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Monday, 19 September 2016 20:40

Career Change Dilemma Featured

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A colleague, whom I had not seen for many years, was speaking about the difficulty of changing careers when a fair degree of progress had already been made in one area.  This is not an uncommon dilemma.

In his particular case, he wanted to change from one industry area to another and was experiencing great difficulty in gaining the confidence of the senior executives who interviewed him during the selection process. 

What he was keen to do was show prospective employers that he had the potential to perform as well in this new area as he had been performing in his previous role.  As he said "Everyone nodded their heads, but nobody offered me a job."

He said that his problem was shared by many friends who had found that the career that they thought would be for life had lost its appeal or challenge and left them wanting to do something new.  As well as wanting to convince an employer in a new industry of their merit, many of these executives did not know what else they were suited to.

It would be easy to say that going to your local career counsellor would give you a quick and painless solution.  Unfortunately, this aspect of life is no more simple than any other.  The assessment itself should be relatively painless if it is conducted by any qualified Organisational Psychologist with a business background, but the challenge that will be set in making the decision to change will be fearsome.

Strong words you will no doubt think.  However, movement out of familiar territory is always more intimidating than thinking about it.  The important thing about the decision to get professional direction in relation to career counselling is the clear signal to yourself that you have decided to get serious.  Having made this decision, there is a lot of pressure on you to live up to your dreams by making the necessary effort. 

Almost inevitably, the psychological assessment accompanying your career counselling session will raise challenging thoughts for you about perceptions you had about some aspect of your ability, employment interest or aptitude, personality or general career history.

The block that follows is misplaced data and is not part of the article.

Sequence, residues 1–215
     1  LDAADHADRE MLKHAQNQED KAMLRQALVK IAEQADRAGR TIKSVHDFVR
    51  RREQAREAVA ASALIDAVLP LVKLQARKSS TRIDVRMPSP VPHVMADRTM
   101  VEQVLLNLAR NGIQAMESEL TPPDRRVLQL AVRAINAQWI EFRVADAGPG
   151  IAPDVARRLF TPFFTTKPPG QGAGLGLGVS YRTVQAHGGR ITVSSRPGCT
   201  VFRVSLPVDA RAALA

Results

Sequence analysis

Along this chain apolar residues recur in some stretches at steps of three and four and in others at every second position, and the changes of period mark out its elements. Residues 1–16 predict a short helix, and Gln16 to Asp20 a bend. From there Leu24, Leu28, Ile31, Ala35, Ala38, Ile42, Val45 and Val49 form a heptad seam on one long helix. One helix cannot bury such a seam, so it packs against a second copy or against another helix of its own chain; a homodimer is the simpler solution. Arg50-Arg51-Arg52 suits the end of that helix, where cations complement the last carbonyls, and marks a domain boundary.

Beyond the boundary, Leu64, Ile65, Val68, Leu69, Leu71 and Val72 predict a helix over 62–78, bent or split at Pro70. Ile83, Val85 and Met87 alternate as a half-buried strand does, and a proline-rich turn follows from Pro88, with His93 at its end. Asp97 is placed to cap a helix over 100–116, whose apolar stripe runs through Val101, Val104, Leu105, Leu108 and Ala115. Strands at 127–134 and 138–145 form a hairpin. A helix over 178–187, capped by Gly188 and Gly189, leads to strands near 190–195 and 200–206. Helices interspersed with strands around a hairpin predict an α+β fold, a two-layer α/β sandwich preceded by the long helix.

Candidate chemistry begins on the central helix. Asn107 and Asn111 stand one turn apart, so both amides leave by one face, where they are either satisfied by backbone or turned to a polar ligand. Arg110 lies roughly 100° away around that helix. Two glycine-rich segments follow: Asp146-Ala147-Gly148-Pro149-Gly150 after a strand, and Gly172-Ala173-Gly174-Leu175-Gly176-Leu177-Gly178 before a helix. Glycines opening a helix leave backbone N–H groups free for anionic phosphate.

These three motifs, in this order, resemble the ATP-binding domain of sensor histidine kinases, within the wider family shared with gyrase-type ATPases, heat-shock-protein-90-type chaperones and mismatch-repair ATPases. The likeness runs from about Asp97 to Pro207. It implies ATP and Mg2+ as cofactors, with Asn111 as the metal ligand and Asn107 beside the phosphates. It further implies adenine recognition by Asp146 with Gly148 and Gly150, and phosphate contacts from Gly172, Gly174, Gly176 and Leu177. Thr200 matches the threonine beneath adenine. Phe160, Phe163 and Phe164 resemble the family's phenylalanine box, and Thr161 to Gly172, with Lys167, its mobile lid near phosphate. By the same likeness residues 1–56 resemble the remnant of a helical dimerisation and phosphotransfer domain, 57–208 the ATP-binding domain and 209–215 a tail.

Dealing with these challenges is the key part of the process of deciding that it is time to get serious about a career change.  Meeting this challenge begins during the counselling process where it is very important to convince yourself of the value of some very simple principles.

Firstly, you have chosen to be there and you are the customer.  For that reason, you are in charge of the situation and should be responsible for understanding what is going on and ensuring that you are satisfied with the result.

Secondly,  the psychologist is there to help you and should be perceived and treated as a specialist resource that needs clear input from you on your needs.  It is vital to be open at all times in the process to get full benefit from the exercise you have initiated.

Thirdly,  you must realise that many tests are completely subjective.  The answers you give make up the result you get.  If you "fudge" the answers, you are only wasting an opportunity to use a system designed to help you.

Finally, psychology is a very inexact science at the best of times, but in psychological testing it is at its least exact in some areas of personality and vocational testing.  You must use reality testing in conjunction with the psychologist to get the real benefit from the information you are given, but this does not mean that you should reject unpalatable information because it is not either black or white.  What it means is that the information is a beginning for you in the career planning process.

So if you are in a dilemma with respect to career decision making, do seek professional assistance, but make sure you do not abdicate your personal responsibility.  Remember, the interior decorator has no ownership of your house just because you let them help you choose the direction you take.  The organisational psychologist who advises you on your career options is no different.

Author Dr Karel deLaat http://www.kareldelaat.com/

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